FDIC PROPOSES NEW APPEALS PROCESS FOR SUPERVISORY DECISIONS
FOR IMMEDIATE RELEASE
The FDIC Board of Directors today proposed guidelines for a new
process institutions could use to appeal supervisory decisions
involving examination ratings, adverse classifications of significant
assets, and the adequacy of loan loss reserves.
An "independent" appeals process for "material supervisory
determinations" is required by Section 309 of the Riegle Community
Development and Regulatory Improvement Act of 1994 for the FDIC as
well as the other federal regulators of banks, thrifts and credit
unions. The law defines an independent appeals process as one where
the review is by an agency official who does not directly or
indirectly report to the person who made the supervisory determination
The new program would replace a less formal appeals process
adopted by the FDIC in February of 1992, although the agency always
has considered and responded to disagreements that institutions have
had with its supervisory determinations.
Under the FDIC's proposed guidelines, an institution first would
be encouraged to attempt to resolve the disputed matter with the
regional office of the FDIC division that made the supervisory
determination -- either the Division of Supervision (DOS) for safety
and soundness matters or the Division of Compliance and Consumer
Affairs (DCA) for fair lending, Community Reinvestment Act (CRA) and
other consumer protection matters. However, the institution could
file an appeal with the Washington-based director of the appropriate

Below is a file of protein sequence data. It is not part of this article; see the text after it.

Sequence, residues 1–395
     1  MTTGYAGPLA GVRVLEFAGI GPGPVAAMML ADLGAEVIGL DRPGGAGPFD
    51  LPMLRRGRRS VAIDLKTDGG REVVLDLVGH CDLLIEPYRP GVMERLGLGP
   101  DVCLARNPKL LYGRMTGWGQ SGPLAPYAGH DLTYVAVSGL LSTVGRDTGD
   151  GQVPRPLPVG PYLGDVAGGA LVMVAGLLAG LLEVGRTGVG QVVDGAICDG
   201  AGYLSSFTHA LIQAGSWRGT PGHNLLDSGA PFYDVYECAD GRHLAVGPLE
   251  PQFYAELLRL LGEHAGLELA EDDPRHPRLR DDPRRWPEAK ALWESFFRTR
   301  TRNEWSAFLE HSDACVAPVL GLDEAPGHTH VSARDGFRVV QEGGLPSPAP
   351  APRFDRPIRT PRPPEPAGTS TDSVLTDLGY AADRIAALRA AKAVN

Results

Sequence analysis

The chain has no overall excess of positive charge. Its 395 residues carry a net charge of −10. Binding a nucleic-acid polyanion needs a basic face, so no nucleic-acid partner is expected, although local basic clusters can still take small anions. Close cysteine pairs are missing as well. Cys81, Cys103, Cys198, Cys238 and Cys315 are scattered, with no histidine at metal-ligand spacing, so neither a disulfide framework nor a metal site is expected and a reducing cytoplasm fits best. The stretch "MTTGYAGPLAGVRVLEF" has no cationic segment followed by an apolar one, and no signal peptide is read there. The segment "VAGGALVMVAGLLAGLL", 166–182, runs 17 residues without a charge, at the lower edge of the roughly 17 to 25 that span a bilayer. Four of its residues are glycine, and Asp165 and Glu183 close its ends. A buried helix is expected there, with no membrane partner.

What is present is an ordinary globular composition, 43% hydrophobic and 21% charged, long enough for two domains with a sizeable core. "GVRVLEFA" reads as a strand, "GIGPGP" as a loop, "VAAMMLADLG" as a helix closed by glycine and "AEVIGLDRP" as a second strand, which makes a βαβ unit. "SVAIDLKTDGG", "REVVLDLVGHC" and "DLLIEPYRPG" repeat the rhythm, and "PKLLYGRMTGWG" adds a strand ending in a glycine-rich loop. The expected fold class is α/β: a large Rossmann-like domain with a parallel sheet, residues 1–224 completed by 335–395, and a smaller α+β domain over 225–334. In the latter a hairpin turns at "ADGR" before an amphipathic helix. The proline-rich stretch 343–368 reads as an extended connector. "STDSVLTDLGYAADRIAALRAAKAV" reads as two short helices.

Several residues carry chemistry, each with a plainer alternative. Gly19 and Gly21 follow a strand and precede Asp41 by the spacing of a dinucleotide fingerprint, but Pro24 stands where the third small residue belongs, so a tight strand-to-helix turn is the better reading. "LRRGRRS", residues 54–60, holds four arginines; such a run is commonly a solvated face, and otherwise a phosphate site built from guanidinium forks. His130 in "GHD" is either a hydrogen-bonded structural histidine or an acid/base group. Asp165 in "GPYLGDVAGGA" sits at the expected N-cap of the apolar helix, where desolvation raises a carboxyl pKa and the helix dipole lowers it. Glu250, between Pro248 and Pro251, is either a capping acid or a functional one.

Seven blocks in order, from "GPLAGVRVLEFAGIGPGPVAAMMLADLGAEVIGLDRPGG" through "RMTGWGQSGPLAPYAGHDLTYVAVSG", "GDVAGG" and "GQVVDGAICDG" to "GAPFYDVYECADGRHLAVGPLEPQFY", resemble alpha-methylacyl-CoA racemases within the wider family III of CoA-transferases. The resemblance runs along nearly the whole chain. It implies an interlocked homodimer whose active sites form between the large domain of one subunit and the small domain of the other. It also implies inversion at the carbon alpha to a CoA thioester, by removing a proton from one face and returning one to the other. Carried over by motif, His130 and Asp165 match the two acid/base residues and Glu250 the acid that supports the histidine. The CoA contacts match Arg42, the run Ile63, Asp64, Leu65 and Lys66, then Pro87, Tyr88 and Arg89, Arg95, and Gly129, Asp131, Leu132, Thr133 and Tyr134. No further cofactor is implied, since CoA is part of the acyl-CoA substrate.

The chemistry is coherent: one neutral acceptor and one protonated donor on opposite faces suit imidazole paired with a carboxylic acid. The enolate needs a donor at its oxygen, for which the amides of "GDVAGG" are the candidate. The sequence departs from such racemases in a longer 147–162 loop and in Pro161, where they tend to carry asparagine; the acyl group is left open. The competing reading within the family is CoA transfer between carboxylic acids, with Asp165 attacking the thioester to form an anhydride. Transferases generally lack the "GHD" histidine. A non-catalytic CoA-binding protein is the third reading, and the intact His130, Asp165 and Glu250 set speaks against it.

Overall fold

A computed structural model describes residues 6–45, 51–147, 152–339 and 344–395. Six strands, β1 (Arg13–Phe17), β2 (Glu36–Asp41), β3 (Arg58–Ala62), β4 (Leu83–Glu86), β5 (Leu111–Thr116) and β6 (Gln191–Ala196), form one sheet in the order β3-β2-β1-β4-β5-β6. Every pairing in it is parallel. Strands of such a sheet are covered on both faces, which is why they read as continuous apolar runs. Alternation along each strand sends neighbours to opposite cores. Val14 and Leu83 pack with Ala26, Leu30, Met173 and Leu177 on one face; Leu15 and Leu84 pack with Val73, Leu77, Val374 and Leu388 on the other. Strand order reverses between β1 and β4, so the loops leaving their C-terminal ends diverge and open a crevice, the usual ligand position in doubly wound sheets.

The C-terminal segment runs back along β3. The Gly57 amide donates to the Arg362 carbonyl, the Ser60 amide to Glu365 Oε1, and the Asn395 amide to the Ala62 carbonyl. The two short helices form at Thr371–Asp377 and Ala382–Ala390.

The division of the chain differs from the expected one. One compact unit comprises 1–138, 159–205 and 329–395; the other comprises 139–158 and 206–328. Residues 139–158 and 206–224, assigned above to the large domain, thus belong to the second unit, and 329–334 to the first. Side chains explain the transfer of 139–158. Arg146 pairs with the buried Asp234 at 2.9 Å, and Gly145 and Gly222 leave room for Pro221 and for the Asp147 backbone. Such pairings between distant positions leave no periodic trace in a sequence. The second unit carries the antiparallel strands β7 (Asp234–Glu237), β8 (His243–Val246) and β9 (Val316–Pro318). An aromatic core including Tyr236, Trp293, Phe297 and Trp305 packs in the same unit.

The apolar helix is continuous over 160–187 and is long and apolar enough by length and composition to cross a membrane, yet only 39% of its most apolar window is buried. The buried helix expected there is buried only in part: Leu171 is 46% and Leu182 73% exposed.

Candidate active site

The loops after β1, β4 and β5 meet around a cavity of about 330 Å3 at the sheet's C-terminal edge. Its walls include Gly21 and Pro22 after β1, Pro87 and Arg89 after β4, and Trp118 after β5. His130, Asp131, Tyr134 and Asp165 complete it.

division within 60 days after receiving written notification of the initial FDIC decision. That division director either would have
to grant the change requested by the institution or promptly refer the
matter to a special committee consisting of the FDIC's Vice Chairman,
General Counsel, an internal ombudsman and the two division directors.
This committee of senior FDIC officials would have to decide the
appeal and notify the institution of its decision. From the time the
FDIC receives an appeal, it would reach a final decision and notify
the institution within 60 days.
Certain types of determinations would not be subject to this
appeals process. The new law specifically exempts decisions to
appoint a conservator or receiver for a failing institution, and
"prompt corrective action" taken when an institution's capital falls
below specified levels. Additionally, the FDIC's proposed guidelines
would not cover formal enforcement actions and risk classifications
for assessing deposit insurance premiums because review of these
determinations is covered by other FDIC procedures.
The proposed guidelines also contain safeguards against possible
retaliation by FDIC examiners. Any alleged misconduct would be
promptly investigated and, if confirmed, subject to disciplinary or
The FDIC's appeals process is expected to be used primarily by
the state-chartered banks the agency supervises. However, it also
would be available to insured institutions supervised by the Office
of the Comptroller of the Currency, the Federal Reserve Board or the
Office of Thrift Supervision when subjected to the FDIC's "back-up"
Written comments on the FDIC proposal will be accepted for 30
days after it appears in the Federal Register.